Skip to content
While my childhood was in many ways lonely, in my mind I travelled widely. A therapist once asked me who my role models had been, since my parents seemed so absent. I thought for a moment and then said ‘Books’. It was the greatest gift they could have given me.
Zora Neale Hurston left an indelible mark on me as a young journalist. I was first inspired by her book Tell My Horse recounting her audacious expedition in 1936 to Jamaica and Haiti where she documented life and folklore. I wanted to follow in her footsteps.
When I think of life-changing literature, I think of writing which didn’t change me at all, but made me more who I am. Growing up in the South Wales Valleys, and coming from a working-class background, I thought writing was done by other people in other places.
What are we seeking when we visit writers’ homes? Richard Lambert considers literary tourism and shares observations from his own literary pilgrimages.

Rosalind Harvey speaks with Ann Morgan about learning another language so well you dream in it, the process of finding the voice for other writers’ characters, and the link between writing and translating.

'When I was sure that no one was about, I would talk to myself about the play as loudly and urgently as I could. I began to voice the characters. I had loud family rows with myself. The cows stared. The darker it got, the freer I felt. I finished a first draft. '
'I find myself, in this hopeless longing for the inanimate, in the company of Nabokov, who, target shooting at a fair, won a porcelain pig. He writes: ‘I abandoned it on the shelf at the hotel when I left town. In doing so, I condemned myself to remember it'.'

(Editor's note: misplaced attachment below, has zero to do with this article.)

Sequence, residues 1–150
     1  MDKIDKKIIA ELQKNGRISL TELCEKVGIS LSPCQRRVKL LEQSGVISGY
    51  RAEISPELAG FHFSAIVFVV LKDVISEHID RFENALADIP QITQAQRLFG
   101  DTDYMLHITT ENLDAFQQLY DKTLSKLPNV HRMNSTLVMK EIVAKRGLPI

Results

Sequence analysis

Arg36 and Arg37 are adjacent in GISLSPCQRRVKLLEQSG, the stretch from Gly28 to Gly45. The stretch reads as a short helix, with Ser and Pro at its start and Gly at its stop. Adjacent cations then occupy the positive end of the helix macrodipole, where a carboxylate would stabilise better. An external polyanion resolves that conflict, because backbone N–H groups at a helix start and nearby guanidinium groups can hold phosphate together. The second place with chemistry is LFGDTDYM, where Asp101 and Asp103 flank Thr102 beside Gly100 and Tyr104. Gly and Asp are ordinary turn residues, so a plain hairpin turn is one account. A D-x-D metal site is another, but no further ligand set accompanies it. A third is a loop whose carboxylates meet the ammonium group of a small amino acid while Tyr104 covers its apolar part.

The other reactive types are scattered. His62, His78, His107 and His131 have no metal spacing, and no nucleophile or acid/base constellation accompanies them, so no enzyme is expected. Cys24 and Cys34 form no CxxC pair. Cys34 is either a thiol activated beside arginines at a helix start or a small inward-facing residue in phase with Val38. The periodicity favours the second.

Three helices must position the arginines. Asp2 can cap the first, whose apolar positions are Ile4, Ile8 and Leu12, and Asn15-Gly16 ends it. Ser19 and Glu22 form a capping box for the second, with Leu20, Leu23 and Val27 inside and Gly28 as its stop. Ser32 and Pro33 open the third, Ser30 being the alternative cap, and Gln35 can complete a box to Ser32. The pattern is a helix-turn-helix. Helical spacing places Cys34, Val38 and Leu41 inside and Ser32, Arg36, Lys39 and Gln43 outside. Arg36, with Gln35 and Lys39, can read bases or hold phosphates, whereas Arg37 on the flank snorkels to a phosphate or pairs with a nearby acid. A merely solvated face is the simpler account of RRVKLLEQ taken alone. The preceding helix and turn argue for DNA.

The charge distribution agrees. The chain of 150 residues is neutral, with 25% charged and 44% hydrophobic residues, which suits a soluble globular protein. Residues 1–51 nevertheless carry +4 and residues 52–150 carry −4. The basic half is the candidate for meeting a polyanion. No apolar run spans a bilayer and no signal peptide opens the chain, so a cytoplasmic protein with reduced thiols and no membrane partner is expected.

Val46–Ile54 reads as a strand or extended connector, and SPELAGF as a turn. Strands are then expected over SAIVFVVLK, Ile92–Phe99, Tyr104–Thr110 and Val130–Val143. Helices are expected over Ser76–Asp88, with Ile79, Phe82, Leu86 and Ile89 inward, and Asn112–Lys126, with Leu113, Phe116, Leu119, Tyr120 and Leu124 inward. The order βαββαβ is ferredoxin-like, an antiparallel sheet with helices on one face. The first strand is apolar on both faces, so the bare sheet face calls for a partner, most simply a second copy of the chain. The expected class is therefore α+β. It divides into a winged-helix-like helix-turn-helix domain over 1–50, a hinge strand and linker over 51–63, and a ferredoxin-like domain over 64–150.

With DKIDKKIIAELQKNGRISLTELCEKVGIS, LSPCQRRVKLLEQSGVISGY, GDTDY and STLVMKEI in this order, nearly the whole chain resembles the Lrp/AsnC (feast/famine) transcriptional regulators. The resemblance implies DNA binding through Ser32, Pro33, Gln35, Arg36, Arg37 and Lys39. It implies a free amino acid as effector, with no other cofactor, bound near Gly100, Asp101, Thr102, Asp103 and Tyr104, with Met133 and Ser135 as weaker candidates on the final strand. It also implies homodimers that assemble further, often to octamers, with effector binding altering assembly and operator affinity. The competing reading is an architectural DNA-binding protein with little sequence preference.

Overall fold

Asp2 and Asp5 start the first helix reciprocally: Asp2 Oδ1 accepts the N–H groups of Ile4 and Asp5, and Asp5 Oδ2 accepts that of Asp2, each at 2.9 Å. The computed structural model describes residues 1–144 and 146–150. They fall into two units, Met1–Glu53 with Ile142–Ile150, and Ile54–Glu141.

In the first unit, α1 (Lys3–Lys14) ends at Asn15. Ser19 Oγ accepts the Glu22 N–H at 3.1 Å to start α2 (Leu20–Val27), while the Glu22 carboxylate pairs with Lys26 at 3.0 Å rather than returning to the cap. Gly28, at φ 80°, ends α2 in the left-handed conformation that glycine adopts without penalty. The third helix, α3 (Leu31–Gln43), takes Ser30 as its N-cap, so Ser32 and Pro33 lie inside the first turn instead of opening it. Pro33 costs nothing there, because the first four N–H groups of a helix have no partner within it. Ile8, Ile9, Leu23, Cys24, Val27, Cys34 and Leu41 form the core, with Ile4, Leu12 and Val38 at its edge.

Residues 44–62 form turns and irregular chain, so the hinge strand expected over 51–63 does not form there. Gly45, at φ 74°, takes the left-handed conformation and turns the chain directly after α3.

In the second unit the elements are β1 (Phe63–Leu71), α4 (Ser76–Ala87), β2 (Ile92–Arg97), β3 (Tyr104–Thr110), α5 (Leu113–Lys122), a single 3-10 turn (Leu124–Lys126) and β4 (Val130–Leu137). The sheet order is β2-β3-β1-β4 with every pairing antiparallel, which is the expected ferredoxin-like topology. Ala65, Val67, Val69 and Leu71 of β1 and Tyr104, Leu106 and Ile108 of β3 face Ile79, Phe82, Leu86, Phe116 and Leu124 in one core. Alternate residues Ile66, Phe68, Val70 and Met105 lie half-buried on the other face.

Jamie Lee Searle reflects on the experience of building a fiction-writing practice fifteen years into a translating career.

Chris Simms explains why research is his favourite part of writing, considers the advantages of talking with real people when seeking realism in fiction, and his own scary undercover experience at the sharp end of an Alsatian.

'Aquariums, zoos, safari parks, they’re otherworldly places: so many things there have clearly just landed from outer space. So many things there are clearly us. In enclosure after enclosure, tank after tank, I find poem after poem.'

Sara Wheeler speaks with Caroline Sanderson about the sources of her inspirations as a travel writer and biographer, why the future of travel writing is bright and why the writer’s job is to find hope and celebrate the individual human spirit’s survival.

'I was an outsider within my more fissile than fusional nuclear family. My speech emerged so late, and so mangled, that it was experienced by others as either foreign or gibberish; terms which, in the England of the day, were understood as synonymous.'
Back To Top